Faba beans are unique in many ways. They have double the protein of wheat and triple the amount found in rice. They contain beneficial amino acids, B-vitamis and micronutrients, plus they benefit the soil. Like others in the pulse family, Faba beans can pull nitrogen from the air for use by the plant. Their sweet, strong sent is attractive to pollinators and they are also valued as a cover crop.
The major draw back, however, is that the typical faba bean isn’t tolerant to cold weather. Growers wishing to use them as cover crops must plant them in the spring, leavening fields unprotected during the winter months.
To address these issues Jinguo Hu, a research leader with the USDA Agricultural Research Service and a team from Washington State University have been looking for a germplasm line that can stand up to cold conditions. They began with 175 seeds from around the globe. Now, after six years of selection, the team has four varieties hardy to zone 6b.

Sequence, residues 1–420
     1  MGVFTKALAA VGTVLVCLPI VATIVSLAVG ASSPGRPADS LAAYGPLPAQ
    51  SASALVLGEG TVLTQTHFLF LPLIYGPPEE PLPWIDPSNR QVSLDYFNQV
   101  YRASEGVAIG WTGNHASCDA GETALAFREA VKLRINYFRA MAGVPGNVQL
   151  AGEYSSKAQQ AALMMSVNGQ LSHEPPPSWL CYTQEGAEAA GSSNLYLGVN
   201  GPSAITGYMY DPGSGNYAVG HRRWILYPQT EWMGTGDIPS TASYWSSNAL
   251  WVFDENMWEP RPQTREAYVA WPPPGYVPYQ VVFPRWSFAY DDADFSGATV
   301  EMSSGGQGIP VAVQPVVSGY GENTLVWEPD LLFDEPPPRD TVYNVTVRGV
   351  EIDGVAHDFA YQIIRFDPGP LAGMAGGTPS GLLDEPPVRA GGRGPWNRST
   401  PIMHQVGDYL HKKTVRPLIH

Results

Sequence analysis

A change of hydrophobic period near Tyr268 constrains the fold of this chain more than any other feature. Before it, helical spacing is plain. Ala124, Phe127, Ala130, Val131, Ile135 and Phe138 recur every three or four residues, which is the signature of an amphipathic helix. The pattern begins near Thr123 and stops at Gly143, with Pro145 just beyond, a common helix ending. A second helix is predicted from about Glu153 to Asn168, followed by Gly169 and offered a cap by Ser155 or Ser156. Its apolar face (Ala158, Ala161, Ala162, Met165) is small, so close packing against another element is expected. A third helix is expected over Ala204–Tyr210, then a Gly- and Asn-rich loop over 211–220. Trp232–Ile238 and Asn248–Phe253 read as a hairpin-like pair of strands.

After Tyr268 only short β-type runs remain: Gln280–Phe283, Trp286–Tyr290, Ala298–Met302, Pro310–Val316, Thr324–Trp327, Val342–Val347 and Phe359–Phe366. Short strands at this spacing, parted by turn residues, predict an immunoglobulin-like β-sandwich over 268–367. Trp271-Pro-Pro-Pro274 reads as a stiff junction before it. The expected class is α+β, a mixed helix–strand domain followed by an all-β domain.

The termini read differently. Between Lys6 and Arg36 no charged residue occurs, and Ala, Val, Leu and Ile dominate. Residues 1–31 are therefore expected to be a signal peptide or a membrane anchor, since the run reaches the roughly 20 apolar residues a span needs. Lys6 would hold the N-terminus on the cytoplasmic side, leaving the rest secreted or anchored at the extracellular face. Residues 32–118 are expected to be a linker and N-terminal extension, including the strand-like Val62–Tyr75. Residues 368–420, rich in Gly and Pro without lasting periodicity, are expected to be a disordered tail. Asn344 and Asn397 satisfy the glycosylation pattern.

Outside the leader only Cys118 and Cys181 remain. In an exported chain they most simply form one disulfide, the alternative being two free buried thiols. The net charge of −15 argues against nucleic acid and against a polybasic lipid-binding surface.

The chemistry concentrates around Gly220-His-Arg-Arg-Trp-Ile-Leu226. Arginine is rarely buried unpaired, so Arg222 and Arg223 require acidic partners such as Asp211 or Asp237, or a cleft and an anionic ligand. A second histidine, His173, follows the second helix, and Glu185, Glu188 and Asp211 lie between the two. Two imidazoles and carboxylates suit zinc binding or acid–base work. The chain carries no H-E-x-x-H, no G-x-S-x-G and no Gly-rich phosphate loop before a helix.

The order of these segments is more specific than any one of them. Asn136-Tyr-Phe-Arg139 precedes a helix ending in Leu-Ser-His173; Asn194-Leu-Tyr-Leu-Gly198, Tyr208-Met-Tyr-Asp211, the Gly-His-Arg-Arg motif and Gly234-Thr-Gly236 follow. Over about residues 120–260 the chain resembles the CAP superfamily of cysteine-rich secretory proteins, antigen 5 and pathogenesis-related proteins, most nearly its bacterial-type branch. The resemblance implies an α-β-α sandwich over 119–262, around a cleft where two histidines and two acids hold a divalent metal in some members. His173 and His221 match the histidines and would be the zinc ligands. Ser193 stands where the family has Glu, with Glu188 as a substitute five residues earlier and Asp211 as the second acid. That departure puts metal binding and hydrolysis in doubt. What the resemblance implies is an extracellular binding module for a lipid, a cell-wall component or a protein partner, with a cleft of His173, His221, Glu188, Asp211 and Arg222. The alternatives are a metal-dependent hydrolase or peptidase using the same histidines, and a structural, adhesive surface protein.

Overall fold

“Diversity is the base of selection,” Hu says of the research process. “We planted many different varieties together and allowed the natural gene flow to maximize the gene combinations for selection,” Hu says. “We didn’t isolate the different plants. Pollinators like bumble bees simply cross-pollinated the plants and helped these new lines develop.”
This process of finding beneficial traits offers several benefits, including experience that may come in useful when breeding new plants to be heat or drought tolerant in the face of climate change.
“The next step is to get growers and companies interested in our work,” he says. “I’ve starting working with some in Washington and even in California. Experimental seed samples have been sent to requesters from Pennsylvania, Wisconsin, North Carolina, New Mexico, Oregon, Montana, Missouri, Nebraska, and Virginia for grow-out observation trials. The faba bean definitely has a place in the national market.”
You can read more about Hu’s work in the Journal of Plant Registrations.